As a journalist, I tend to shy away from taking strong positions on issues I cover, but there’s one belief I will share, since I feel so strongly about it: We need to put an end to the unnecessary and unhealthy emphasis on college admissions.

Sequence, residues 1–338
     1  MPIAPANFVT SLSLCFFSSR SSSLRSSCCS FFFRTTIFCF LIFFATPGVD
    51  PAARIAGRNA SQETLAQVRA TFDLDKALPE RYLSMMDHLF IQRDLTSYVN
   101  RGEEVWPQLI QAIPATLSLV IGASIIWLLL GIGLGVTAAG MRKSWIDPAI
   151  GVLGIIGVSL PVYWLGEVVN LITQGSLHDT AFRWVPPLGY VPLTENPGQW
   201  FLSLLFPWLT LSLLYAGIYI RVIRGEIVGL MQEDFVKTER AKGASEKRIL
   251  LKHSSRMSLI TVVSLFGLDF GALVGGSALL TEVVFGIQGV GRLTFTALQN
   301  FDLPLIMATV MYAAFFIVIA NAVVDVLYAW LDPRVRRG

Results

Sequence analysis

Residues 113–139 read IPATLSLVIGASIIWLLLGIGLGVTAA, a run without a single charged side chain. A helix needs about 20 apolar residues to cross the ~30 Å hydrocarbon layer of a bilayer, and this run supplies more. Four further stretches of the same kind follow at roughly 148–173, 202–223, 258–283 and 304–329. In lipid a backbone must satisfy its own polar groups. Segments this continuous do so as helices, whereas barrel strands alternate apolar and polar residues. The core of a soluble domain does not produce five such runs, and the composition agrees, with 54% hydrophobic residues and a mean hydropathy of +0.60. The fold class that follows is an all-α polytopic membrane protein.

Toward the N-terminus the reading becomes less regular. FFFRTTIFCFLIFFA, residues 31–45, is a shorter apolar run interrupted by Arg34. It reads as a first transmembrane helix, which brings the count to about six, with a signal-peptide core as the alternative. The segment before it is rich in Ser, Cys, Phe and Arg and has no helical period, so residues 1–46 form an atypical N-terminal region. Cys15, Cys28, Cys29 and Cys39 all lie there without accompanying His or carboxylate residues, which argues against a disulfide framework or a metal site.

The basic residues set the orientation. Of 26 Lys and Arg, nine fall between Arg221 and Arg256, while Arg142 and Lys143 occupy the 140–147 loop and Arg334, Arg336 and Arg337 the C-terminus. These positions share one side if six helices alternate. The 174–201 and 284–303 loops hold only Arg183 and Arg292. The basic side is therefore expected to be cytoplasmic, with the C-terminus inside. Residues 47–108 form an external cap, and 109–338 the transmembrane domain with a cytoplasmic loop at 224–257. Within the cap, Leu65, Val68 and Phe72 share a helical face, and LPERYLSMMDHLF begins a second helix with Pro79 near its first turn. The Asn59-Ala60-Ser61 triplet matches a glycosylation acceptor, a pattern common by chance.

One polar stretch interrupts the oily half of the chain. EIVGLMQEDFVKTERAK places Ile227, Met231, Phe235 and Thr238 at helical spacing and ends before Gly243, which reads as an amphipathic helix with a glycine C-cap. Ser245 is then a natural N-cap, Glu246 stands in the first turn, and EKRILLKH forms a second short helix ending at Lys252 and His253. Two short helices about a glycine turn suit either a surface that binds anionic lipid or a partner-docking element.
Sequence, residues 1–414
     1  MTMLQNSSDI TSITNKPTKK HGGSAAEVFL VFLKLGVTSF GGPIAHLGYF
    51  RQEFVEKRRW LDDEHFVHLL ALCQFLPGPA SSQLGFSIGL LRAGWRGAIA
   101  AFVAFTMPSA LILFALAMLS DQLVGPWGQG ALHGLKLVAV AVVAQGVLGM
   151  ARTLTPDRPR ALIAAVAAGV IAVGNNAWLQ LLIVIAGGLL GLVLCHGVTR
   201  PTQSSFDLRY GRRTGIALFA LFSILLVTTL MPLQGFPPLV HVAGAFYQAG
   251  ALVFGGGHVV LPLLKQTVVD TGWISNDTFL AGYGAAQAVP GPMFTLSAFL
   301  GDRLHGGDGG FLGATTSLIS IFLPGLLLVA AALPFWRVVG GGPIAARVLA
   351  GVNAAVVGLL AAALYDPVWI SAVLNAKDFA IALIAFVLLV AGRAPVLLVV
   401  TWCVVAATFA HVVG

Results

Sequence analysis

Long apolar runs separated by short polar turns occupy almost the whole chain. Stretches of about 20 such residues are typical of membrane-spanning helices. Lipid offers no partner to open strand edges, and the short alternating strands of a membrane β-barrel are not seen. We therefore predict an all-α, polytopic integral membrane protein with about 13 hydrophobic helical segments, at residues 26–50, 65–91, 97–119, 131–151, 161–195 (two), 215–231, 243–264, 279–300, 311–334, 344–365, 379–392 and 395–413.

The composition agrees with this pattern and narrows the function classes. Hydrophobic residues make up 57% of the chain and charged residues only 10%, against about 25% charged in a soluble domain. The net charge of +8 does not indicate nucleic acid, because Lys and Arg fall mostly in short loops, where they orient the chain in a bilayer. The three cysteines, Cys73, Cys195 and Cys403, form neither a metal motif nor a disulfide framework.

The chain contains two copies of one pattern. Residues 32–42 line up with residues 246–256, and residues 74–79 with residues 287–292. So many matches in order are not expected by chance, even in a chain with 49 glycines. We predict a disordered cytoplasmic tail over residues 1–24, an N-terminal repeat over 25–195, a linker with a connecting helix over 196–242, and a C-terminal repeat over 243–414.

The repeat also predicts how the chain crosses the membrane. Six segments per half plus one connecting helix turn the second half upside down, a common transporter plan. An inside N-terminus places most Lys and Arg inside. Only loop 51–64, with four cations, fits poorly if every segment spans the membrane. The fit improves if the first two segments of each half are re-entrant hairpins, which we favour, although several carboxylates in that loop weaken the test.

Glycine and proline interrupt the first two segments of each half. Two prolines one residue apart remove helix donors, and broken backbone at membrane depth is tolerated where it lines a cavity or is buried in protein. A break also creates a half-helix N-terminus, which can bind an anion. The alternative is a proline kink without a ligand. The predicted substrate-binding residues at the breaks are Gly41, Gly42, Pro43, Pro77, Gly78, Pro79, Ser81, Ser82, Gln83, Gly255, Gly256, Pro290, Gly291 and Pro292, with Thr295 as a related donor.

As a freelance journalist with more than enough work to keep me busy, it’s not unusual for me to produce roughly two to three articles a week, many representing significant time and effort. I feel very fortunate and am happy for the assignments, but this situation rarely offers me the time to step back and review some of the subjects I’ve covered and the implications of the developments in a particular area. So I was pleased to be contacted by Garrison Leykam, a radio host in Connecticut, who was interested in speaking about the way boomers are reinventing retirement. It’s a subject I’ve written about extensively, and I enjoyed the chance to look back on my previous articles and chat about the important ways that boomers are making their mark on this phase in their lives. You can catch the interview here.